Tuesday, December 01, 2020

Fiction Review: When All Is Said

I took a break from #NonfictionNovember last month to read a novel chosen by one of my book groups: When All Is Said by Anne Griffin. It's an Irish novel that uses a unique framework to tell the story of a man's life, and we all enjoyed it.

Eighty-four-year-old Maurice Hannigan is sitting at the bar of the fancy local hotel in his small town in Ireland. He's alone, but he has a plan for this special night. He will sit here at the bar and have five special drinks and raise five toasts to the people who have meant the most in his life. The novel consists of the stories he tells to honor each of those people, and--along the way--tell the story of his life. Though he is talking to himself, in his head, he is addressing his son. There are hints right from the first pages that this evening is his swan song, though the reader doesn't know exactly what he has planned. He raises a toast to his older brother, to his son, to his wife, Sadie, who died a few years earlier, and to two other people who affected his life. In doing so, he narrates his own life, from childhood to young man to father to old man. It's not a straightforward story; there are plenty of unexpected twists and turns (and some secrets), both in his own life and in the lives of those around him.

This is a unique way to tell a life story (though its structure reminded me vaguely of The Five People You Meet in Heaven by Mitch Albom), but it is also beautifully written, filled not only with tales of what happened but also with how various events affected Maurice and how he feels (something he wouldn't talk about with anyone). In this passage about his brother, he muses about his loss, in a way that touched me and reminded me of the loss of my father:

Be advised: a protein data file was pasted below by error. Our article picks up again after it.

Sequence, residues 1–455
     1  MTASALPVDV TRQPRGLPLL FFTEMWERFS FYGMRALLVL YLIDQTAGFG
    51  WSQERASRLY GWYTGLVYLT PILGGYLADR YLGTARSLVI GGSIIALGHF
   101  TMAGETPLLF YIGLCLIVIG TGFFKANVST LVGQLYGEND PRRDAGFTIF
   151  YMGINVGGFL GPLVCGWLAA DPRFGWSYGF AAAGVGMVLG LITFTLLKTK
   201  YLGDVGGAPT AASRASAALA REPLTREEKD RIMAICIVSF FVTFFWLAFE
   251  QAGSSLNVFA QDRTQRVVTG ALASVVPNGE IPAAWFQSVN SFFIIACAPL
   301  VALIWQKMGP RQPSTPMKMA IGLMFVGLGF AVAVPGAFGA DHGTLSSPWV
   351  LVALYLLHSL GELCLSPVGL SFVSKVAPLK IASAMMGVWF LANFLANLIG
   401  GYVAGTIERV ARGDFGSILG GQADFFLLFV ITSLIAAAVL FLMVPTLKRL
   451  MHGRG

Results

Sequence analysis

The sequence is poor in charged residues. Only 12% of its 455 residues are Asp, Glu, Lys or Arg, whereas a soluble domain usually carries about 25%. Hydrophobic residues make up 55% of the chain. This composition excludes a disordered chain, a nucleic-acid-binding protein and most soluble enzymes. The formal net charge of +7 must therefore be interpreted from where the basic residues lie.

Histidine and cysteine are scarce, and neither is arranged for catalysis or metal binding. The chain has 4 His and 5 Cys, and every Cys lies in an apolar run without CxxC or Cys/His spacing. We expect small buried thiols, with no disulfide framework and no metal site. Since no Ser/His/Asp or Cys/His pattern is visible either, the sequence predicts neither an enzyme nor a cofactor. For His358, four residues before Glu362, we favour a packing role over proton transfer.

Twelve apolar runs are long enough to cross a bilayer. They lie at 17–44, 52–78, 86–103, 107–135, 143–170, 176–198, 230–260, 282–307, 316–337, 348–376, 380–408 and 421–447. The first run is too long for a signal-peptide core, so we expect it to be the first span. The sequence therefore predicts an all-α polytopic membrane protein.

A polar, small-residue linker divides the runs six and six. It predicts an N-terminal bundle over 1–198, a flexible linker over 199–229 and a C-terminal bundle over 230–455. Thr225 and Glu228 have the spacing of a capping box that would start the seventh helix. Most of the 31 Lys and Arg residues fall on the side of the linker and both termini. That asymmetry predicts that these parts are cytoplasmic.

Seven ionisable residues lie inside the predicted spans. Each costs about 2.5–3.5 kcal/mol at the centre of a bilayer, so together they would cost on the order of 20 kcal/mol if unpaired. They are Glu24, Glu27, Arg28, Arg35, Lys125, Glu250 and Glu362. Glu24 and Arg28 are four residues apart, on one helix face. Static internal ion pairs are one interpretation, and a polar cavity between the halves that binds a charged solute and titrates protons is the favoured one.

"But it's his living presence I've missed the most since your mother left. And no amount of talking to him in my head can take the place of being able to see the man, to touch the skin and bone of him, to hear him sup a pint in Hartigan's. What I wouldn't give for just one hour of his company. No need for much conversation at all. Our elbows on the counter. A bottle of stout each in front of us. Half empty glasses. Looking out at the town. Tapping our feet to the music on the radio or laughing at the madness of the world. The company of the trusted, what? Being understood without having to explain and not having to pretend all is fine. Being allowed to be a feckin' mess. The feeling of his pat on my back as he passes behind me to go to the jax. Is it too much to ask for a simple resurrection?"

Maurice is not a well-educated man, but the author gives him a resonant voice, full of truth and love and sometimes regret. The language is very Irish, and there were a few turns of phrase I wasn't familiar with or didn't understand, but mostly, Maurice is speaking about universal things like love and loss. This original novel was very thoughtful and moving, and most of our book group rated it between 7 and 9 (out of 10).

323 pages, Thomas Dunne Books (St. Martin's Press)

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Listen to a sample of the audiobook here, with Maurice's Irish lilt narrated by Niall Buggy, and/or download it from Audible. This sample is from the beginning of the novel, as Maurice looks at himself in the mirror and begins his internal discussion with his son.


You can purchase When All Is Said from an independent bookstore, either locally or online, here:

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You can also buy through indie bookstores using Bookshop.



Or you can order When All Is Said from Book Depository, with free shipping worldwide.


  1. I like the sound of this book. The idea of toasting those who most impacted one's life is a nice idea.

    1. Yes, it's an unusual framing approach